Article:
The geopolitical implications of (another) American rape arrest in Japan
News On Japan via Washington Post -- Oct 18
Japanese police have arrested two U.S. sailors in Okinawa on charges of raping a local woman, to which one of the Americans reportedly later confessed. The incident is sadly not the first of its kind on the densely populated Japanese island, where a large U.S. military base houses 15,000 to 20,000 Marines and 10,000 Air Force personnel. The backlash is snowballing in Japan, where the Okinawa base has long been a source of national political controversy, one with larger geopolitical meaning for the United States and Japan.
The Okinawa governor hinted at the potential implications of the alleged rape when he told Japanese media that, in response to the incident, he'd complained directly to the U.S. military, U.S. Consulate and Japanese prime minister's office. For many Okinawans, past crimes by U.S. service members, particularly rapes, have been part of something much larger than just the individual crimes.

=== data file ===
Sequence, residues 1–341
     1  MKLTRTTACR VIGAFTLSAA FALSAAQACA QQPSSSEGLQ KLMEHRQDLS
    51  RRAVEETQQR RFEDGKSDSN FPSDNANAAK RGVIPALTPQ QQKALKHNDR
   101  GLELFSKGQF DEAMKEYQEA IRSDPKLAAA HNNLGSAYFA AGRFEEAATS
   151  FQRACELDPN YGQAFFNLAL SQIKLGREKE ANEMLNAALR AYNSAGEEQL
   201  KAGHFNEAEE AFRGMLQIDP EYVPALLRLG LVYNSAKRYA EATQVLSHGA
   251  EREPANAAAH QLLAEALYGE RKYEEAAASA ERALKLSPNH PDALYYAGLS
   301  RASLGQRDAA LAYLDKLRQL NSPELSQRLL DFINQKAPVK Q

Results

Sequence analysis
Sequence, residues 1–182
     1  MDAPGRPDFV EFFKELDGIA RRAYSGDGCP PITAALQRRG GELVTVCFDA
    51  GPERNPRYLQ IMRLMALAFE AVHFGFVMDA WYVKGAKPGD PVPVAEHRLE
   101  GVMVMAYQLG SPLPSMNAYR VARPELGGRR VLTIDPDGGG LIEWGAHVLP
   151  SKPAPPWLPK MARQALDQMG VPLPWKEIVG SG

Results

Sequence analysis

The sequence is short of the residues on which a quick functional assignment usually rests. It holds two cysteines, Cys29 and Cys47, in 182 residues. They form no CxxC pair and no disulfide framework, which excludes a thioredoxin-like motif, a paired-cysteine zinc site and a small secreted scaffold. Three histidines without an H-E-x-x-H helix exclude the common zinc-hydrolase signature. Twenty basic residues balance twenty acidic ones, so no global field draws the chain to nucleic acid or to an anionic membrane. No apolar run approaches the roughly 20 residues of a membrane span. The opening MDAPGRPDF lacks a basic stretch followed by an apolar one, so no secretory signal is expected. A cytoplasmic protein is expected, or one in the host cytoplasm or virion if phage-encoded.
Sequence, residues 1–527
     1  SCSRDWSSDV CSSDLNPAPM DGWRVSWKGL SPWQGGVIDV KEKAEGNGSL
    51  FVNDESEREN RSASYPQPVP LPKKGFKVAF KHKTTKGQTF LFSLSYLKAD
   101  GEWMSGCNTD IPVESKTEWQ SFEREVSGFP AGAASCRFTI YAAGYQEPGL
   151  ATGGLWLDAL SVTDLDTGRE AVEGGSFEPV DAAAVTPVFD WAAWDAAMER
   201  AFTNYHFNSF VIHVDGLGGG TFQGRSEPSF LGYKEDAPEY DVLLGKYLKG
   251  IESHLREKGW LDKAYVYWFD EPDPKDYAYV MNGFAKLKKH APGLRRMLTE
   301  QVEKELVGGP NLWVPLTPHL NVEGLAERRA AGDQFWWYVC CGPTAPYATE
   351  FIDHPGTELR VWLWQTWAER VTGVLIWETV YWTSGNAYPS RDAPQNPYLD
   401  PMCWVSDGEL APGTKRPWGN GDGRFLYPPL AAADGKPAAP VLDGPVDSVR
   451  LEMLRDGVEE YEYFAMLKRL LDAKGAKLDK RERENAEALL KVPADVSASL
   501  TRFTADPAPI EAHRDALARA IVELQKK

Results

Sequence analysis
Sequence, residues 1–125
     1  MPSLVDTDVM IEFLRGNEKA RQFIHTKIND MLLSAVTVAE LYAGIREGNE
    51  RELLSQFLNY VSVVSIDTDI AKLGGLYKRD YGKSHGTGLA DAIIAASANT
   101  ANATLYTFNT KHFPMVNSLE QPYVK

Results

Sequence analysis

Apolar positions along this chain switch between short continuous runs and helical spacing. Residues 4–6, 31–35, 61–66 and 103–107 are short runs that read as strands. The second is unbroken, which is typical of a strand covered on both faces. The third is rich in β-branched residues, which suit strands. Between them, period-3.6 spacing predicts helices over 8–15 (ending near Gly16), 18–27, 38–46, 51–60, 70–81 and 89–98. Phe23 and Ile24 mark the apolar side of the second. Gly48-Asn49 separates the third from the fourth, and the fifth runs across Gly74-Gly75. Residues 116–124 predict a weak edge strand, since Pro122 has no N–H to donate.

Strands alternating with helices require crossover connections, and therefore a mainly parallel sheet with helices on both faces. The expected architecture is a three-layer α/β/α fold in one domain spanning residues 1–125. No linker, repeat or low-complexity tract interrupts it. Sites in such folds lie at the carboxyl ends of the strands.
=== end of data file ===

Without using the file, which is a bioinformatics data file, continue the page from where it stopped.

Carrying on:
Opposition to the U.S. base on Okinawa has been a big deal in Japan for years. "Local newspapers in Okinawa, which are strongly anti-base, give intense coverage to crimes by American military personnel and their families," the New York Times explained. It's also about the base itself, which is in the middle of a dense residential neighborhood and surrounded by schools. The recent arrival of new American aircraft, the tiltrotor V-22 Osprey, which locals believe is too dangerous, provoked "unexpectedly fierce opposition." And maybe it shouldn't be surprising that this historically nationalist society isn't crazy about an enormous foreign military presence on its soil.
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